From Sligo, Pennsylvania to Limerick, Kentucky, the topography of the United States is filled with onomastic markers of its rich Irish heritage. Interested in learning more about Irish place names in the US? IrishCentral.com offers readers a fascinating look at this important part of American onomastic history.
Want to test your knowledge of eponyms? Which of the following words were NOT based on the names of real-life people?
Ready? The answers are 2 and 6.
From the 23rd to the 24th of May, 2016, the 28th Annual Federal Food Regulatory Conference will be taking place in Washington, D.C.. Among the many topics to be explored this year is product naming and labeling.
The Jewish Genealogical Society of Great Britain has announced its 2016-2017 schedule of educational webinars. In addition to providing e-instruction on conducting archival research, the Society will be offering a special webinar entitled “Onomastics for Genealogy, Names, Naming Patterns, & More” on the 15th of June, 2017.
Raking in ca 14 billion dollars per year, the US porn industry is very big business. With all that cash around, it’s no wonder that the industry continues to attract would-be stars. To help these onscreen hopefuls, the internet is filled with specialized name generators.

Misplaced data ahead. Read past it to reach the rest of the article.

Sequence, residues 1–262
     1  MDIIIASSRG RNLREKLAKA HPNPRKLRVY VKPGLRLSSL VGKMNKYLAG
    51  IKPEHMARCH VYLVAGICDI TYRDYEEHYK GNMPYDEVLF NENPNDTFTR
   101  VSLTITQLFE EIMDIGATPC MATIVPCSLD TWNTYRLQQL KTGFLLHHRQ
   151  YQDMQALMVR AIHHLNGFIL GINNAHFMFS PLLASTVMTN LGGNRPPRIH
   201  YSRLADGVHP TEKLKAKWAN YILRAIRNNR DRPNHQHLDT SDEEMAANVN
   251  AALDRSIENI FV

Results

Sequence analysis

Although some may scoff, as porn legend Annie Sprinkle revealed in an interview with Alternet, landing the perfect porn name is critical: “My name helped me to totally change who I was […] and become who I wanted to be.”
Despite these unusual psychological and economic demands, Stanford Linguistics Professor Arnold Zwicky contends that most porn names are actually quite regular. For example, his examination of over two thousand porn star names revealed that the most common first name for erotic actors was… Mark.
Dr. Cleveland Evans writes about names for the Omaha World-Herald. This week’s column explores Ronald.
On August 11, 2016, the 12th annual Workshop on Multiword Expressions (MEW2016) will be held in Berlin, Germany. The event is being endorsed by the Special Interest Group on the Lexicon of the Association for Computation Linguistics. For this workshop, the term Multiword Expression refers to a wide range of linguistic constructions (e.g.… Read More
The 1st International Workshop on Language Technologies and Applications (LTA’16) will be held from the 11th to the 14th of September 2016 in Gdansk, Poland. Paper proposals dealing with new technologies and intelligent systems for language processing are welcome. The deadline for abstract submission is April 18, 2016.
In an effort to pay homage to Tasmania’s rich Aboriginal heritage, the Nomenclature Board of Tasmania has progressively introduced a dual English/Indigenous naming system for landmarks of great cultural significance. As Will Hodgeman, New Zealand’s Minister for Aboriginal Affairs, explained in an interview with ABC news, “The names are applied in the reconstructed palawa kani language following extensive research by the Aboriginal community language revival program.” Three examples of dual toponyms are
- Mount William/wukalina
- Great Lake/yingina
- Sundown Point/laraturunawn.
For many years now, the New Zealand government has made a concerted effort to replace long-outdated, highly offensive place names. Thanks to this effort, toponyms such as “Nigger Hill” and “Niggerhead” were changed into “Kanuka Hills” and “Tawhai Hill,” respectively. More on this government’s movement to replace place names featuring the N-word and other epithets can be found through Creative Spirits.